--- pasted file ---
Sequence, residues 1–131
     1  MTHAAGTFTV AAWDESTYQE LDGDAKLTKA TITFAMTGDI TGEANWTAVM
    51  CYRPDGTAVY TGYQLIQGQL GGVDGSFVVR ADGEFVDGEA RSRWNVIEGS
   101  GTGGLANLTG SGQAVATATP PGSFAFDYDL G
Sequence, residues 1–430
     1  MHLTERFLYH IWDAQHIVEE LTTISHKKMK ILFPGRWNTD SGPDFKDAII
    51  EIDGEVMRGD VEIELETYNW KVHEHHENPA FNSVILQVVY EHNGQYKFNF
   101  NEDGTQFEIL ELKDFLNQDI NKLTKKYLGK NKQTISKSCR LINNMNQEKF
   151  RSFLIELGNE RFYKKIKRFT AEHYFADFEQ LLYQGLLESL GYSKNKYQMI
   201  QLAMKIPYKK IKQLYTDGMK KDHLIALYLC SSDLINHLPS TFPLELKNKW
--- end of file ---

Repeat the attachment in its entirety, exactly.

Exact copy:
Sequence, residues 1–131
     1  MTHAAGTFTV AAWDESTYQE LDGDAKLTKA TITFAMTGDI TGEANWTAVM
    51  CYRPDGTAVY TGYQLIQGQL GGVDGSFVVR ADGEFVDGEA RSRWNVIEGS
   101  GTGGLANLTG SGQAVATATP PGSFAFDYDL G
Sequence, residues 1–430
     1  MHLTERFLYH IWDAQHIVEE LTTISHKKMK ILFPGRWNTD SGPDFKDAII
    51  EIDGEVMRGD VEIELETYNW KVHEHHENPA FNSVILQVVY EHNGQYKFNF
   101  NEDGTQFEIL ELKDFLNQDI NKLTKKYLGK NKQTISKSCR LINNMNQEKF
   151  RSFLIELGNE RFYKKIKRFT AEHYFADFEQ LLYQGLLESL GYSKNKYQMI
   201  QLAMKIPYKK IKQLYTDGMK KDHLIALYLC SSDLINHLPS TFPLELKNKW